Data centres used to simply be a place to store data. Vast aisles of servers and other storage devices would hum contentedly all day (although, it should be noted, not always efficiently). Then, the changing global economy demanded resourcefulness. Data centres were pressed to store information with greater efficiency and accountability. As a result, a whole new set of responsibilities became part of the functions a data centre was expected to perform. These include business compliance and energy management. In many ways, a data centre is now the control center of a business, and as such requires greater care and oversight than its previous iteration.
However, this has had some unexpected benefits, both for the centres and the businesses that have come to rely upon them. For one thing, the savings in energy are tremendous. On average, a business can expect to save between 15 to 50% on their energy expenditures, and start to see these returns within a 12-month period. This relatively short turn-around means that companies can invest more money into other areas of their organization while still reaping the full benefits of a professionally managed data centre in a much faster timeframe. In this case, consolidation has shifted some of the burden of management to the centres.
The good news is that the quality of the data and the speed of access remain unaffected by consolidation. Instead, the grouping has enabled centres to find quicker methods of both dissemination and storage. This is excellent news for any companies that plan to expand in the coming years or decades, and are worried about a corresponding ballooning in their outsourcing data costs. If trends are an indicator, the cost to store and manage data will not radically increase but rather remain at a steady, reliable rate. This will enable organizations to expand their efforts while comfortably meeting their budgetary goals, a proposition which can only aid the overall Canadian economy.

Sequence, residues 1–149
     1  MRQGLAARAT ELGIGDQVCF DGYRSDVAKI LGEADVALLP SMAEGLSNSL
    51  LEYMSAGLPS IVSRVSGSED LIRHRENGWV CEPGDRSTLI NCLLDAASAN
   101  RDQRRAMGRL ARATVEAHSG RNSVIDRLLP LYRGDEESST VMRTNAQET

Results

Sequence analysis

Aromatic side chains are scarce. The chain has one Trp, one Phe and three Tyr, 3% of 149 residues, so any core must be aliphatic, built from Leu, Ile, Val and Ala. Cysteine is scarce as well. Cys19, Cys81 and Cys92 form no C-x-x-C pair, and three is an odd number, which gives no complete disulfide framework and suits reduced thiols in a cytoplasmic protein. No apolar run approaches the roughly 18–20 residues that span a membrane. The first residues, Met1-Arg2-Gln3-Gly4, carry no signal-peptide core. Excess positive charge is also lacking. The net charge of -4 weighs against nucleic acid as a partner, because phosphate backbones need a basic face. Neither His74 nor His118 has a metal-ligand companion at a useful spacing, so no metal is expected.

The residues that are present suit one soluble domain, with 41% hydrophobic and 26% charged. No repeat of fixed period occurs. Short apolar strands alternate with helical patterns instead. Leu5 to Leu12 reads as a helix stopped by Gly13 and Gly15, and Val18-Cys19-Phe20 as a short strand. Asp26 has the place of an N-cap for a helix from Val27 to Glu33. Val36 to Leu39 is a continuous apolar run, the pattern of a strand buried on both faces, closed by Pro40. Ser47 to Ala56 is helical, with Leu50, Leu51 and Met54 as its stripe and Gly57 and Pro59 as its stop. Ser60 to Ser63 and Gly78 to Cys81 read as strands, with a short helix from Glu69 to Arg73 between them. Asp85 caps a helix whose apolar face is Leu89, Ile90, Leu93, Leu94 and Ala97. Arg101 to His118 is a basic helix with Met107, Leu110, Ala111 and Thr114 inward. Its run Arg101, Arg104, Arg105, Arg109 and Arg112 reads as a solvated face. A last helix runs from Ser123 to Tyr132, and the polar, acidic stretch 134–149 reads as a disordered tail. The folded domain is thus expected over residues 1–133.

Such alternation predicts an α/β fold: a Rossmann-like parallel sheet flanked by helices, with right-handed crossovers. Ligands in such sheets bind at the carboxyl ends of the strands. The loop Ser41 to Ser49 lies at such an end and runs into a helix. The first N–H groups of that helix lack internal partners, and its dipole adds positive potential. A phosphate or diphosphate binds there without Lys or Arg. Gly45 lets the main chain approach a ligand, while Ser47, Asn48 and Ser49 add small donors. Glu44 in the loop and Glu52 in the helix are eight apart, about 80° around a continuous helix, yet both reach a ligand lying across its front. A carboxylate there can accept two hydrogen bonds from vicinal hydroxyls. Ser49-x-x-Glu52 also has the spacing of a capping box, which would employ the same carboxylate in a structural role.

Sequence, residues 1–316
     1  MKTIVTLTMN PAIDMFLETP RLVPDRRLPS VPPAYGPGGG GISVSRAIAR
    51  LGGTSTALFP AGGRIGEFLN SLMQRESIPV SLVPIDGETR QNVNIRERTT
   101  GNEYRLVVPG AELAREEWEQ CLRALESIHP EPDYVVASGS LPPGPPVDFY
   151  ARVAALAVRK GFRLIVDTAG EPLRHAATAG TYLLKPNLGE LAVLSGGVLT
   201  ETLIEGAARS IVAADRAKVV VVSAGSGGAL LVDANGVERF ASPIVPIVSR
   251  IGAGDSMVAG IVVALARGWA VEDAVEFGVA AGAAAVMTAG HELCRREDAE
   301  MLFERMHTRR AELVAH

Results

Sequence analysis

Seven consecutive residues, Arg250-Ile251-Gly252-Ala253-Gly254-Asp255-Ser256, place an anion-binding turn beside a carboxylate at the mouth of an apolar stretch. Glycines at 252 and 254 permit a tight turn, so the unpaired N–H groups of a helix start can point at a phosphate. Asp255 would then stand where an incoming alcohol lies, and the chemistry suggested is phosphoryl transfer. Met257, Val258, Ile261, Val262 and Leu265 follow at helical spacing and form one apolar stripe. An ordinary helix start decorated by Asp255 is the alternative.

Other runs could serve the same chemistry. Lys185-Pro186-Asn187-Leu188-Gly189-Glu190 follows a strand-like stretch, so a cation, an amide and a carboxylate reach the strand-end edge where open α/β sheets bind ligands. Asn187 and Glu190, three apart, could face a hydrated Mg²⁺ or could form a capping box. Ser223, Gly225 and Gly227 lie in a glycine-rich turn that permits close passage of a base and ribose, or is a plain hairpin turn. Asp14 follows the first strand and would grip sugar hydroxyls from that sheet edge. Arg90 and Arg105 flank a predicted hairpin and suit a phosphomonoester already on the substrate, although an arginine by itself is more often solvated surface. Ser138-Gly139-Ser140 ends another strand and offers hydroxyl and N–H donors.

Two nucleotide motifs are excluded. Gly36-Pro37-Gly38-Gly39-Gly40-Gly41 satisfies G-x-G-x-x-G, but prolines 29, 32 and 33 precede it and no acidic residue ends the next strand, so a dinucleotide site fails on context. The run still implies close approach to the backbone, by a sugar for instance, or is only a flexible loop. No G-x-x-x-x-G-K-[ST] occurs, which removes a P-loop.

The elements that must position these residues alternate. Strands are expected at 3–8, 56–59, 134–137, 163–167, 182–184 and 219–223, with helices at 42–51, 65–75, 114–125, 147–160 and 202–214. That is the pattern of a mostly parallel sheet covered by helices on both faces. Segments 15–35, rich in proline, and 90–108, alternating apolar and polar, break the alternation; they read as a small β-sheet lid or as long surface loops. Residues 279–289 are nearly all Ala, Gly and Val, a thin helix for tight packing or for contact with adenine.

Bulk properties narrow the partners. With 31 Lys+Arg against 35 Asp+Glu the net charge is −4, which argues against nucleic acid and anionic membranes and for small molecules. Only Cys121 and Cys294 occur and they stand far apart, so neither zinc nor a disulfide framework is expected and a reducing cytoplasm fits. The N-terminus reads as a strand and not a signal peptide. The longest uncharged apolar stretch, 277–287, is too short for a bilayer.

In many respects, competitiveness drives innovation. The resulting increase in savings in both energy and management costs proves that making the most of one’s resources can only result in advantages for all. Consolidation is an unexpected driver of economic health and vitality.